As a Healthline article notes, sex and mental health are connected, with increased sexual activity associated with mental health satisfaction. When things are working well, sex can be a great stress buster, producing body chemicals that make us feel relaxed and happy. It can strengthen relationships, which can add to our emotional stability and contentment. But what about the impacts of stress on sex drive?
On the other hand, too much stress can kill desire. This can strain relationships and cause even more stress, creating a vicious cycle.
The Hormone Stress Shift
Stress affects our sex drive because when we’re stressed, our bodies go into emergency mode. Emergency mode gets us ready to fight or flee the perceived danger we’re facing. Functions that aren’t immediately needed to reach that goal, such as digestion and reproduction, get turned down.
A Psychology Today article notes that the stress and sex drive connection is based partly on the rise and fall of hormones. When we’re stressed, our bodies produce cortisol and other stress-related chemicals instead of the sex hormones associated with desire. The shift lowers libido and can affect fertility-related issues like ovulation and sperm count.
Hormones associated with desire include testosterone, oxytocin, vasopressin, and, in women, estrogen and progesterone. It appears that testosterone may be one of the most important players in both women and men. It’s produced in the sex organs but also by the adrenal glands.
The adrenal glands produce important body chemicals that help with all sorts of things. This includes blood pressure, the immune system, and the stress response. When they’re busy producing chemicals to help you deal with stress, they produce less of the others.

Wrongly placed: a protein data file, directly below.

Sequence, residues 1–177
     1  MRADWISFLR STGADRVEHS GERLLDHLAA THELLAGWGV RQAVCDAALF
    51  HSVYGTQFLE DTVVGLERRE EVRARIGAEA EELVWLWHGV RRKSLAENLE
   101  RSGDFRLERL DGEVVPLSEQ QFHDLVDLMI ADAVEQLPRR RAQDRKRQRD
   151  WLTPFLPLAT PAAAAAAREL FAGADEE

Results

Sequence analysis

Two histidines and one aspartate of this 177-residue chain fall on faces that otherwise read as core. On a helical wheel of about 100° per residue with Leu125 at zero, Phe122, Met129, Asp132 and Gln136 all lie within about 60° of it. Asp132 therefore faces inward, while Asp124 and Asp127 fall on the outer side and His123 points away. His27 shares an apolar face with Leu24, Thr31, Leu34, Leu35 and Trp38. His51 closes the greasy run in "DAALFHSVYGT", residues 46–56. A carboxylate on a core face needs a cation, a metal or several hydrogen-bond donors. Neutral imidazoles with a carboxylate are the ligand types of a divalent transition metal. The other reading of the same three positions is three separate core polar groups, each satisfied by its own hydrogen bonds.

Dealing with Stress and Sex Drive
Here are some ways to address the impact that stress is having on your sex drive:
- Talk about it. If your partner doesn’t understand what’s going on, it’s easy for them to come up with all sorts of alternative reasons for your lack of interest. They’re likely to feel rejected and to react with anger or emotional distance.
- As much as possible, address the circumstances causing you stress. Are there any changes you can make in your work life? Do you need to cut back on some of your volunteer responsibilities? Maybe you need to get a babysitter more often or hire someone to clean your house so you can have some time free. Your mental diet is important. It might be wise to cut down on the time you spend watching the news. Substitute it by watching a good sitcom or listening to relaxing music instead.
- Make an attempt to turn down your stress response. Mindfulness meditation is one very effective way to do that. Scientific American reports that after eight weeks of practice, scans of the brains of people doing mindfulness meditation show that the amygdala shrinks. That’s the part of the brain most involved with setting off our response to stress.
- Give yourself a professional mental health tune-up. Unfortunately, even though mental health treatment can be a great help when you’re experiencing stress, stress can keep you from reaching out for it. An article in the journal, Personality and Individual Differences, says that stress is associated with both poorer mental health status and fewer help-seeking behaviors.
Why not get help at a South Florida mental health treatment center like Five Palms? Give us a call at 1.844.675.1022, and let us help you get back on track.